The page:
Sailing Ship: Lammer Law
Date of Cruise: March 2001
Cruise Destination: Galapagos Islands
Guest Contributor: Stewart B. Nelson, Ph.D.
Through the centuries, many words have been used to describe the uniqueness of the Galapagos Islands, from "bewitched" and "enchanted" to Charles Darwin’s "living laboratory." Birthed by underwater volcanic eruptions more than 6 million years ago, they remained an uninhabited outpost of nature until stumbled upon by the Spanish in the 16th century. Since that accidental discovery, the islands have been trod by pirates, whalers, adventurers, scientists, military servicemen, fishermen and, now, about 18,000 permanent residents and 70,000 tourists a year. In 1968 the Ecuadorian government acknowledged the immense ecological significance of this oceanic archipelago and, with limited exceptions, declared it a national park. A visit to the Galapagos Islands, to see its amazing fauna and flora and geology and to learn its fascinating history, is a magical experience and one which we treasure and enjoy sharing.
First, let’s deal with some common misconceptions. Cruise ships are not allowed in the Galapagos Islands. Only licensed Ecuadorian boats are permitted and the Galapagos National Park Service controls the number. While most boats carry less than 50 guests there are a handful that accommodate up to 90 passengers. The Galapagos Islands are 600 miles from the Ecuadorian mainland and visitor’s travel from either Quito or Guayaquil on Boeing 727’s operated by Ecuador’s TAME Airline. Yes, there is an airport in the Galapagos Islands, in fact two of them, on the islands of Baltra and San Cristobal.
There are 13 major islands, 6 smaller ones and scores of islets but only three of the islands are allowed permanent settlements. The landscape and wildlife vary among the islands so to see it all requires at least five, but preferably seven, days. Since the Galapagos Islands are principally a national park, all boats must carry certified guides and, because the guide-tourist ratio is controlled, the bigger the boat the more guides. Finally, there is the matter of the oil spill that occurred in January 2001 when the fuel tanker Jessica ran aground in San Cristobal harbor. This incident made worldwide news but most of the refined fuel oil was quickly recovered and much of the rest was carried seaward by the winds, where it soon evaporated. Granted, luck was a significant factor but the spill served as a stark reminder of the fragility of the Galapagos Islands, one of our world’s few remaining ecological jewels.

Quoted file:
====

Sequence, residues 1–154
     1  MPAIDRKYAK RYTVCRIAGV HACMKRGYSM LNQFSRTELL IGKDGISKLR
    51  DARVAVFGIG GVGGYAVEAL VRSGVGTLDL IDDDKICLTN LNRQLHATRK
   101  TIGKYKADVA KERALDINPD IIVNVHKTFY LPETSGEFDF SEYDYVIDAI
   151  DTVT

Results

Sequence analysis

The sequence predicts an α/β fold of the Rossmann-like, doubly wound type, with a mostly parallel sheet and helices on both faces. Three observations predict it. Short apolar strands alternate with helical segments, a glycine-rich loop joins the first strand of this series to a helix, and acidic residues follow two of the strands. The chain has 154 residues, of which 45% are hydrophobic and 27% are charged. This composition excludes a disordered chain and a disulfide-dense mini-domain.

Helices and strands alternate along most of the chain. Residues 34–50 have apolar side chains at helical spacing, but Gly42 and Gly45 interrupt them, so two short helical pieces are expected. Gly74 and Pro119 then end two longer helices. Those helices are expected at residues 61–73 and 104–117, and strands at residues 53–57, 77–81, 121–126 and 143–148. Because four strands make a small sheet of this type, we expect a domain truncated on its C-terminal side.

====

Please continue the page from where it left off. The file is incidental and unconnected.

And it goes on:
The Galapagos Islands, a World Heritage Site, straddles the Equator so a visit can be planned for almost anytime of the year. There are many tour companies operating in the islands but our choice, based on a seven-day excursion, was Quasar Expeditions USA. Besides owning and operating their own boats, it is recognized both for the upscale quality of their vessels and the outstanding service on board. The Quasar Expeditions fleet consists of eight boats ranging from 8 to 48 passengers. We debated among one of the smaller vessels and the 48-passenger ECLIPSE, but finally decided on the 16-passenger LAMMER LAW. Underscoring the popularity of these boats, we were fortunate to get the last available cabin, and that was making a reservation four months before our planned March sailing.
From Miami International Airport it is a four-hour, non-stop flight to Quito, Ecuador’s capital. Rich in Inca and Spanish history, Quito is a United Nations World Heritage Site and we had scheduled two days at the end of our Galapagos adventure to do some sightseeing. Those two days would later be extended to a full seven days as we discovered the wondrous diversity and easy accessibility of the Ecuadorian mainland, but that’s another story. One great convenience was the fact that Ecuador recently adopted the U.S. dollar as its currency so there was no bother with money exchange or conversion rates. Quito offers several deluxe hotels, the newest being the three-year old Marriott, which is where we stayed. An excellent steak dinner at the hotel cost was $8.00 – the U.S. dollar buys a lot in Ecuador!
The next morning we again met our Quasar Expeditions escort who accompanied us to the airport for our flight to the Galapagos Islands with an intermediate stop at Guayaquil, Ecuador’s biggest city. From Quito to Guayaquil was less than 45-minute flying time and from Guayaquil to Baltra less than two hours. The airfield on the small island of Baltra was built by the United States Navy at the beginning of World War II to meet any Japanese attack on the Panama Canal. At the end of the war it was given over to Ecuador. At the Baltra airport you pay your Galapagos National Park entrance fee, $100 and it’s a cash only system.
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